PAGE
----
Tuesday, December 28, 2010

Communist Jokes

Ben Lewis, author of Hammer and Tickle: A Cultural History of Communism, collected hundreds if not thousands of jokes by Russians and Eastern Europeans about the Communist experience. Lewis believes these jokes are unique in that each topic implicitly links back to a general critique of the whole communist system. Here are a few of them:

Who dug the White Sea canal?
The right back was dug by those who told jokes...
And the left bank?
By those who listened.

What is the difference between Stalin and Roosevelt?
Roosevelt collects the jokes that people tell about him, and Stalin collects the people who tell jokes about him.

An old housewive joins a queue: "What are they giving out?"
Person in queue: "A slap in the face."
Old housewife: "To everyone? Or just Stakhanovites?"

Who invented barbed wife?
Lysenko, who crossed a snake with a hedgehog.

Will there be a police force when we have achieved full Communism?
No, by then people will have learned how to arrest themselves.

What is the definition of Capitalism?
The exploitation of man by man.
What is the definition of Communism?
The exact opposite.

Trotsky wakes up in the morning.
"How are you?" an assistant asks.
"I don't know," he says. "I haven't read the papers yet."

What were Mayakovsky's last words before he committed suicide?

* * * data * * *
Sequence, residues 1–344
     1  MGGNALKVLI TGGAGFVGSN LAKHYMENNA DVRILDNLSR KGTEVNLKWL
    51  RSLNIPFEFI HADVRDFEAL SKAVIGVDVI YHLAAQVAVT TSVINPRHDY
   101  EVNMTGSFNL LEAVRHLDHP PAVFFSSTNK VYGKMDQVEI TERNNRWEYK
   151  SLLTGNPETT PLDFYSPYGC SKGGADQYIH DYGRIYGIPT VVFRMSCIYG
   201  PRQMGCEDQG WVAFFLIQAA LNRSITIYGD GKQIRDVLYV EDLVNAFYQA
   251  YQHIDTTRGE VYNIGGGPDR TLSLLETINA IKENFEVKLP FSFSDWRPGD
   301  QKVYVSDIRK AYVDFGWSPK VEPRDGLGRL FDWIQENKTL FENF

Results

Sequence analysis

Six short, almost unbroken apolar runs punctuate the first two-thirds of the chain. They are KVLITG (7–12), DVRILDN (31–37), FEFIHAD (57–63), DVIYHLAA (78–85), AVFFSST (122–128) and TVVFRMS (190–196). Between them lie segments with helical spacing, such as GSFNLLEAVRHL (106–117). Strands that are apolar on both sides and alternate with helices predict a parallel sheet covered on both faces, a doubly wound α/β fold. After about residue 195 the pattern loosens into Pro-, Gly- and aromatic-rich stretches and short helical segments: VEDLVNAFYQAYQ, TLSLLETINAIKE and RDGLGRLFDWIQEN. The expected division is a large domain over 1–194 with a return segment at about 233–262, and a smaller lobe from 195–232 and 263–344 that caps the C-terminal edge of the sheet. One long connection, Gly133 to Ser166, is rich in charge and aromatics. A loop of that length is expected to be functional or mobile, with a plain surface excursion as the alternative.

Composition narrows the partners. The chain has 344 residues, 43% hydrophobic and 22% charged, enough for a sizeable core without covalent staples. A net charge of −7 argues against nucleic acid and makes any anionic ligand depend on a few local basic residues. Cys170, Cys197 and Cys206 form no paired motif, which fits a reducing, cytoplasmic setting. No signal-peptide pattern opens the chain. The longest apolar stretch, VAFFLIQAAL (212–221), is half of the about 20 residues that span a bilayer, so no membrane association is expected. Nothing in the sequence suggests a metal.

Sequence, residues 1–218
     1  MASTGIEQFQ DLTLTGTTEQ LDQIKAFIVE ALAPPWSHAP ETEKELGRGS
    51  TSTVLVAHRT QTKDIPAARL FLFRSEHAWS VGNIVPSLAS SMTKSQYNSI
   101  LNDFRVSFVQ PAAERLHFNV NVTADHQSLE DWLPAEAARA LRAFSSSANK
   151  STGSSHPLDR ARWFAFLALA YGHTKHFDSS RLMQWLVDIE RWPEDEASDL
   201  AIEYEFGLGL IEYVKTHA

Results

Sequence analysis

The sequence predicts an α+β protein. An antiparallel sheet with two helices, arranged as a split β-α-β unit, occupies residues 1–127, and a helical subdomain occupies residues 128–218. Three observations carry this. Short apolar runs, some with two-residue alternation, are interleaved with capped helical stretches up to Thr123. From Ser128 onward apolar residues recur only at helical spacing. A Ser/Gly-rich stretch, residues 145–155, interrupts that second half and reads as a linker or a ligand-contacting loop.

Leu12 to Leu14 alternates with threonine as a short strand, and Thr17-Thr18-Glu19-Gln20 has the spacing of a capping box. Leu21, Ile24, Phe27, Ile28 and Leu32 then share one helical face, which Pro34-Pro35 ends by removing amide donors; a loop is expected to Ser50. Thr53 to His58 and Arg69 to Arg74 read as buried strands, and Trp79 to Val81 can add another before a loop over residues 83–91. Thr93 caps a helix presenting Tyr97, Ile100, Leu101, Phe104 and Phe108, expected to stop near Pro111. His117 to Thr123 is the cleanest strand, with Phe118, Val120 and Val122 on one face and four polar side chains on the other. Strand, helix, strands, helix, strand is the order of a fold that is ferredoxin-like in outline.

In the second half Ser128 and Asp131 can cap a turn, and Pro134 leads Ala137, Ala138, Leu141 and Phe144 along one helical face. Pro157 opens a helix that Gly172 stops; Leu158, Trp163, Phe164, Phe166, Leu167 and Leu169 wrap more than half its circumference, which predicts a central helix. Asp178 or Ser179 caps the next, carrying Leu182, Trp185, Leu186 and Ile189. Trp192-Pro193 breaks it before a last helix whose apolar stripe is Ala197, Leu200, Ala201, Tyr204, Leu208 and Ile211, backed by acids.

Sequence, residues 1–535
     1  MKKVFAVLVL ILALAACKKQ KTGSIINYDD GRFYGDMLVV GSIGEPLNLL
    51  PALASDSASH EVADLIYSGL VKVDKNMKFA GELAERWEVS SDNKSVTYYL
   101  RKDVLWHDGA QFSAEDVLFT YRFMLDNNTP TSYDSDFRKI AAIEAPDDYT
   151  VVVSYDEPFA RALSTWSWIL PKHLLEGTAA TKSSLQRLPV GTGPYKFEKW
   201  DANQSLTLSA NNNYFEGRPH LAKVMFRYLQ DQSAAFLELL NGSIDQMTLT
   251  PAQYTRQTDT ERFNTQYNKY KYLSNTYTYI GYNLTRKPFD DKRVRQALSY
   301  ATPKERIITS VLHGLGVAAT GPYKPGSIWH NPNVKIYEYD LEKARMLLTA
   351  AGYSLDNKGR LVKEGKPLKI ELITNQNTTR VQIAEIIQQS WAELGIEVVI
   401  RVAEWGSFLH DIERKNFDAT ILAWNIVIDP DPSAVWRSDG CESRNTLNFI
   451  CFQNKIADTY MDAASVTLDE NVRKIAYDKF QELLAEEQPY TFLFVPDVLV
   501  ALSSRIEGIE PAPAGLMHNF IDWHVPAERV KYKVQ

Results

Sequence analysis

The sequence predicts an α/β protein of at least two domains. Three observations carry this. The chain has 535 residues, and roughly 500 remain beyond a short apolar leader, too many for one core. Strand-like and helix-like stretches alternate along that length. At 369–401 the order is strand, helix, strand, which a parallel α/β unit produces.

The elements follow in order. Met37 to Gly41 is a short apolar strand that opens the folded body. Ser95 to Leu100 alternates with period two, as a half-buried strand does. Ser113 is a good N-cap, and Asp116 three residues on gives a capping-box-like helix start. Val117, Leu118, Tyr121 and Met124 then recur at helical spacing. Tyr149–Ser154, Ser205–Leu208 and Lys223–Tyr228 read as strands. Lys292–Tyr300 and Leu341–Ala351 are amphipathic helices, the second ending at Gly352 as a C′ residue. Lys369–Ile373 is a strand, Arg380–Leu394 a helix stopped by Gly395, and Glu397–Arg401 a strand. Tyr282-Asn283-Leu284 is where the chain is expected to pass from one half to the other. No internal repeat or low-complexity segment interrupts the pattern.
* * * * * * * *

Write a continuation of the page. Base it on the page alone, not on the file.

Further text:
"Comrades, don't shoot!"

What's the new sign in Kiev hospitals?
Anyone who has come in for radiation therapy, please go outside.

Do you know why Romania will survive the end of the world?
Because it is fifty years behind everyone else.

What is the difference between a Western fairy tale and a Communist one?
The Western one begins, "Once upon a time there was...", and the Communist one begins, "Once upon a time there will be..."

How will the problem of queues in shops be solved when we reach full Communism?
There will be nothing left to queue for.

What are the most constant problems facing the Soviet economy?
Temporary problems.

What is the difference between life in the time of Jesus and life today?
In those days one man suffered for us all. Today we all suffer for one man.

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